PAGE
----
By Scott Springer, email@example.com
Among the stable of stars at Moeller High School going on to play at the Division I level is lacrosse midfielder, Logan Dieball. In the same week, Jaxson Hayes announced for Texas basketball, Dieball committed to Syracuse lacrosse, one of the more storied programs around.
The Orange have won 10 NCAA championships and have 23 former players in the U.S. Lacrosse Hall of Fame. Many will recognize NFL great Jim Brown for his Syracuse stick work, but the program has had many successful players grace the field long before the Carrier Dome was even built.
"His hard work has definitely paid off," Moeller coach Sean McGinnis said of Dieball's announcement for Syracuse. "He had the potential to be one of the bigger DI recruits in this class. The way he elevated his game over the course of his junior year got him enough exposure this summer. You can never go wrong with a team like Syracuse. This is a real big-time commitment."
McGinnis sees the commitment of Dieball to Syracuse as a plus to his program. The only previous Crusader to suit up for the Orange was Pat Kennedy in the 1990s.
"A giant weight has been taken off of my chest," Dieball said of choosing the Orange. "It feels good not to worry about it anymore. It's a dream come true for me."
Dieball comes from Moeller's miracle Division I state championship team where the Crusaders went to double overtime with Cleveland St. Ignatius. Moeller prevailed when he found the net with 26 seconds remaining to win 9-8.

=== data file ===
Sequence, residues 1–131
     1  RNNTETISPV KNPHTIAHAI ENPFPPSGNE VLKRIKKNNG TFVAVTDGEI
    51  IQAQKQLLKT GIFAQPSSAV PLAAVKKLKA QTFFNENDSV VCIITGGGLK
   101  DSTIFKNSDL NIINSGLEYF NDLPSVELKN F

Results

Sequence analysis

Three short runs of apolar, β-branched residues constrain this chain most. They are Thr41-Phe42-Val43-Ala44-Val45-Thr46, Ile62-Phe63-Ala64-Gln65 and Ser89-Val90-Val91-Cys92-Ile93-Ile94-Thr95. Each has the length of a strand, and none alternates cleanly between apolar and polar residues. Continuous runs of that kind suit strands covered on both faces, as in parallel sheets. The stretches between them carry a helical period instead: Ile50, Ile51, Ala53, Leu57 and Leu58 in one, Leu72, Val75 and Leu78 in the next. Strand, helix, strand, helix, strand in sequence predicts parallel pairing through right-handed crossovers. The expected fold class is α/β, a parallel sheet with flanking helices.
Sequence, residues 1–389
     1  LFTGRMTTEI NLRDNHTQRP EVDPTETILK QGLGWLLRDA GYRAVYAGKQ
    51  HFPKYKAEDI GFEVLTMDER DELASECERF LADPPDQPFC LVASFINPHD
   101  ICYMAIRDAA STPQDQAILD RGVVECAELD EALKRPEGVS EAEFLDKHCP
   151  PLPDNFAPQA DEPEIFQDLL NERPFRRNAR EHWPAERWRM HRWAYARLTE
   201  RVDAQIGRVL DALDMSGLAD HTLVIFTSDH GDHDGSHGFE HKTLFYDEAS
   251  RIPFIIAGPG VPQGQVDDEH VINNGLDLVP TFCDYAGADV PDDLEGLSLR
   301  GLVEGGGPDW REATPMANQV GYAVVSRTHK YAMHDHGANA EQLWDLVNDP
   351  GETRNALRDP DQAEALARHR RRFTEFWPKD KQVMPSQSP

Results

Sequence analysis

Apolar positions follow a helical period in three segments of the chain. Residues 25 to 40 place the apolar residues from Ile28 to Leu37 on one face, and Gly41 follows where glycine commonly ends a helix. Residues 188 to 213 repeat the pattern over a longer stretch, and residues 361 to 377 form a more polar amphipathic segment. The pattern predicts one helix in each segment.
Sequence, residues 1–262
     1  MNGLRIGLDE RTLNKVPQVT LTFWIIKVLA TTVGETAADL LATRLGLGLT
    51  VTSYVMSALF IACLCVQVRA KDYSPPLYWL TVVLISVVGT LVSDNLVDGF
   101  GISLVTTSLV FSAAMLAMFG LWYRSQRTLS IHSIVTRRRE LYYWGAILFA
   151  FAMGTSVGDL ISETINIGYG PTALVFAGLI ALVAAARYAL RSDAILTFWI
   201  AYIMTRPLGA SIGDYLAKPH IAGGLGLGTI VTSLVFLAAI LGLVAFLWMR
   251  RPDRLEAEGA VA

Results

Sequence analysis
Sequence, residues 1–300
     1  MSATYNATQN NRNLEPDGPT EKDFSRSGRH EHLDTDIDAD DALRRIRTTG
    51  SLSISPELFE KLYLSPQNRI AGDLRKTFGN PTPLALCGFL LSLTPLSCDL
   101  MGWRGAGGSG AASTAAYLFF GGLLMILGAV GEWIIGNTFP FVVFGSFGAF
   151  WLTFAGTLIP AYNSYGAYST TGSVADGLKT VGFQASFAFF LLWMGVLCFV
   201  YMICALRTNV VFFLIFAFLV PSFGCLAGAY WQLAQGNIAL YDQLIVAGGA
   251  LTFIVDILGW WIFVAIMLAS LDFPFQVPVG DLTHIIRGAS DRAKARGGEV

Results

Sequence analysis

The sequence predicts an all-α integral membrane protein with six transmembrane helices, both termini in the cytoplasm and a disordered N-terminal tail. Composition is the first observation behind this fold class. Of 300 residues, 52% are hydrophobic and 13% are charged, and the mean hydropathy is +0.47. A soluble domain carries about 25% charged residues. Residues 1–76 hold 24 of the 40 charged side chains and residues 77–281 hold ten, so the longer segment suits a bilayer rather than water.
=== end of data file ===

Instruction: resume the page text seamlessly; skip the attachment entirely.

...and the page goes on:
The goal capped a tremendous comeback season as Moeller was 7-7 on May 5 and 17-7 and state champion on June 3 at Ohio Wesleyan.
Dieball was noticed for that and for playing for the Under Armour Midwest team over the summer at the All-American games. Syracuse needed a defensive midfielder, Dieball was playing that for the all-star squad and a match was found.
"Playing for Syracuse is a big accomplishment for a kid from Southern Ohio," McGinnis said. "It's a great thing for Logan and his family. He's going to play the best competition in the country."
Dieball is 6-foot-5 and weighs 190 pounds, which turns the heads of many coaches. The Syracuse staff believes he can produce turnovers, which will lead to offensive opportunities. At Moeller, Dieball was more offensive-minded.
Starting in Lakota, Dieball began playing the game in the second grade. He dressed varsity as a Moeller freshman and has been playing regular the last three seasons. The senior is confident the Crusaders can reach the pinnacle of the tournament again.
"I think we have a really good chance," Dieball said. "We're looking just as strong as last year. Maybe stronger."
Moeller's championship was one of three in the Tristate area as Mariemont took the Division II boys crown and Indian Hill won the Division II girls title.
"Cincinnati's becoming a lot bigger in lacrosse," Dieball said. "It's one of the hot places in the Midwest. The Midwest doesn't get too much respect. Especially with those East Coast teams that are all amazing."
Moeller and McGinnis are also blessed with other Division I seniors. Jack Stahanczyk, who is now playing football, will play lacrosse at Rutgers. Justin Miller will play at Cleveland State. Several younger Crusaders are also drawing plenty of interest.